Another preclinical study has generated a promising new Alzheimer's treatment--a synthetic compound developed at the University of Minnesota.
The drug, dubbed psi-GSH, helped prevent Alzheimer's-related neurodegeneration in mice. Researchers with the university's Center for Drug Design gave it over 11 weeks to mice predisposed to develop Alzheimer's, and they documented measurable improvements in memory and cognition. What's more, the treated mice lacked any significant brain plaque, and the drug appeared to reduce the buildup of excessive amounts of amyloid beta protein considered a hallmark of the disease.
By contrast, untreated mice experienced significant cognitive declines, and they faced significant plaque buildup in their brains. How did the drug work? According to the researchers, it appeared to help boost the brain's glyoxalase system so it could halt a process that turns normal brain amyloid protein into the distorted variety that leads to Alzheimer's. Previous research determined that Alzheimer's impairs the brain's ability to wield the glyoxalase system, the scientists explain.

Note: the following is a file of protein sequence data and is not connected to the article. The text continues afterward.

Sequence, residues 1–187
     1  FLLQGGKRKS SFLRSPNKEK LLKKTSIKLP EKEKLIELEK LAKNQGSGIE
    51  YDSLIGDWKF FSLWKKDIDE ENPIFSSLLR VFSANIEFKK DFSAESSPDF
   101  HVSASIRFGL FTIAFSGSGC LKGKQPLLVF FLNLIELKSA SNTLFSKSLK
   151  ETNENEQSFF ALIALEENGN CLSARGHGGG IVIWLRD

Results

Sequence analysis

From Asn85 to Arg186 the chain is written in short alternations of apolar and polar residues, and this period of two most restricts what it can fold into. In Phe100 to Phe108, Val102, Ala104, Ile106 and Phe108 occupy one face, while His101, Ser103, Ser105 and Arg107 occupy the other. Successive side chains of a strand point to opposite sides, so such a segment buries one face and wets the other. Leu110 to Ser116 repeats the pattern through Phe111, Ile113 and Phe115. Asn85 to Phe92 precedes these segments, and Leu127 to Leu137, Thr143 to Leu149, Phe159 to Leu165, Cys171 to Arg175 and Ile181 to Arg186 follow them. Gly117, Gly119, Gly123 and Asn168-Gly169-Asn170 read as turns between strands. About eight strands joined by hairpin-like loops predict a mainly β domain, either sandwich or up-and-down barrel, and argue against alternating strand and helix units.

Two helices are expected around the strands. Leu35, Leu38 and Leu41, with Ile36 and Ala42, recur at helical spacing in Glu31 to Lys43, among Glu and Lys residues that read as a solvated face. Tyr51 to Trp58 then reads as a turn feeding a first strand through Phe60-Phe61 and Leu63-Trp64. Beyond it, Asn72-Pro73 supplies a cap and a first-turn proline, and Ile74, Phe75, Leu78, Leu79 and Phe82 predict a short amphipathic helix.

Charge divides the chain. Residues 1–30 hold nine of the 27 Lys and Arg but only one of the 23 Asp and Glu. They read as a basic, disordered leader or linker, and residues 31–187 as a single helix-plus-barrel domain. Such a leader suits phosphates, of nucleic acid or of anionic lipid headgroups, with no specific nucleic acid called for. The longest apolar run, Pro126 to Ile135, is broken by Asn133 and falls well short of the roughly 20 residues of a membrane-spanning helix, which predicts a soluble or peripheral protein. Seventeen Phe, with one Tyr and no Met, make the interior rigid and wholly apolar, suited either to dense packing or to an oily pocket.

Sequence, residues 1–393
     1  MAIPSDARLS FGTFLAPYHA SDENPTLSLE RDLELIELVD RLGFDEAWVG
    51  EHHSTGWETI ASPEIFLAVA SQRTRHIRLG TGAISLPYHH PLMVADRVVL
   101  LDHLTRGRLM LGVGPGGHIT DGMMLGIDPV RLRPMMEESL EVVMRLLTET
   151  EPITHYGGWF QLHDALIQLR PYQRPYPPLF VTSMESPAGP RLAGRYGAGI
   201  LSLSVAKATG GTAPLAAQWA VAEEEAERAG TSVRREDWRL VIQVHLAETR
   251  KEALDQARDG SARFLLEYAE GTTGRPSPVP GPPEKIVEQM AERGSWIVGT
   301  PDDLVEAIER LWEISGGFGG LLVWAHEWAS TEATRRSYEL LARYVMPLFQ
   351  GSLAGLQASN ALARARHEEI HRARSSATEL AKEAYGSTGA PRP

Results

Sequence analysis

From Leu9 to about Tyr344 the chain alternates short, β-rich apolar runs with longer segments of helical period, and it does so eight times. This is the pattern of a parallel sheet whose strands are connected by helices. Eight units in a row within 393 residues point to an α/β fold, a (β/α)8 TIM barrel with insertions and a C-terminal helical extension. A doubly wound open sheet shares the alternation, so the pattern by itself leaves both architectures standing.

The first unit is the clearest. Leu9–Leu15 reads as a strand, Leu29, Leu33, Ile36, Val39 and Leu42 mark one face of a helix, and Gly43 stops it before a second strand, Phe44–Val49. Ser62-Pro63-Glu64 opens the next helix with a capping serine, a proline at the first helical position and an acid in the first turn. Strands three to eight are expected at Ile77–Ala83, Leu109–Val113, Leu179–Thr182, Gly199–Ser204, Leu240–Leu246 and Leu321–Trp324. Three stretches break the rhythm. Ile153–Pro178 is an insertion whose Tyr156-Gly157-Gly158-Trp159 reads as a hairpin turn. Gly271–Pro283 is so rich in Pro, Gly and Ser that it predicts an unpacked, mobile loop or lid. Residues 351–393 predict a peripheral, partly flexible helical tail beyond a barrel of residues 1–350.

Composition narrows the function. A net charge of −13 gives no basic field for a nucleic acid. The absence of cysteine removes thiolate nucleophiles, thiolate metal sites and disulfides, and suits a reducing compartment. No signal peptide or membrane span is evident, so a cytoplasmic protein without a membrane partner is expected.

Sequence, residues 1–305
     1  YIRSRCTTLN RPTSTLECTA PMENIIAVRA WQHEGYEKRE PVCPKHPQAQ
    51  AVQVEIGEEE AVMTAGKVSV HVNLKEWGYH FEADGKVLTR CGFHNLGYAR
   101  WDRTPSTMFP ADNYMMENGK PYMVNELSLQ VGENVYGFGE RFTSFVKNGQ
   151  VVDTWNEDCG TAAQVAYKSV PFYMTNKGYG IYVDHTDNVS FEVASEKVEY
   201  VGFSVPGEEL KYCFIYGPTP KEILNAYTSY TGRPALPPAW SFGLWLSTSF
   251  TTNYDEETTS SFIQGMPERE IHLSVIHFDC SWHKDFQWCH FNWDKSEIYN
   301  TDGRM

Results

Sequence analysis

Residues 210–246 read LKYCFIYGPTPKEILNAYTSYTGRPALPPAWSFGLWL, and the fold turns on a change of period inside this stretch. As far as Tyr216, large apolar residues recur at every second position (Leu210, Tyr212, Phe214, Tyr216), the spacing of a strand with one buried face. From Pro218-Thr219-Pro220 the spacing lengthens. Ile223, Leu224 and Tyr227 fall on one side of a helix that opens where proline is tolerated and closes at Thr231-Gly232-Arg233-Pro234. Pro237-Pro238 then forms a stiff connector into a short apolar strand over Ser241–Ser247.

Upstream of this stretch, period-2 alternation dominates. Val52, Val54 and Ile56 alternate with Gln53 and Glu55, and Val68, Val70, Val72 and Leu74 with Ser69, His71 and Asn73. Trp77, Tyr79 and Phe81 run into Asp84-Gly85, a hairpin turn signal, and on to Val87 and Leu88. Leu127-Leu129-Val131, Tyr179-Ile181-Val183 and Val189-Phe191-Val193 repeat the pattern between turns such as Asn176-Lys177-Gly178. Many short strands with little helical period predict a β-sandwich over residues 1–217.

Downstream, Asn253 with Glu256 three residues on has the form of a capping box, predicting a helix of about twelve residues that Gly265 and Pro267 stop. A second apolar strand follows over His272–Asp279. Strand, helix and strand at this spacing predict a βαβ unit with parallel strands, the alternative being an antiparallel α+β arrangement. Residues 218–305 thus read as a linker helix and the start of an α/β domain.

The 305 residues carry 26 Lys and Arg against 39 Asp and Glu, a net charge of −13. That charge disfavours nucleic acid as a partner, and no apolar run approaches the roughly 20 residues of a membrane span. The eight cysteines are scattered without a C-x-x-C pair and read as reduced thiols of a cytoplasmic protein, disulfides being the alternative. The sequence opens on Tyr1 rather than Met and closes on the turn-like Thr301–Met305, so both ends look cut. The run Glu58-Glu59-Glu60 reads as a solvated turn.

The hope here, is that the results give drug developers a new target for which to develop new anti-Alzheimer's drugs. And while other Alzheimer's drugs have failed as they advanced to human trials, the University of Minnesota team said their drug has merit because it hits a root cause of the disease at a very early stage, enabling the brain itself to fight back.
Lead researcher Robert Vince is careful to note that the finding is far from certain in presenting a definite course of action against Alzheimer's. He notes in a statement that the finding is encouraging, but that the results must be repeated in human studies before any final conclusions can be made. Human trials are a long way off, but the research is likely to continue. Details of the findings, meanwhile, are published in the American Chemical Society journal ACS Chemical Neuroscience.
- here's the release
- read the journal abstract
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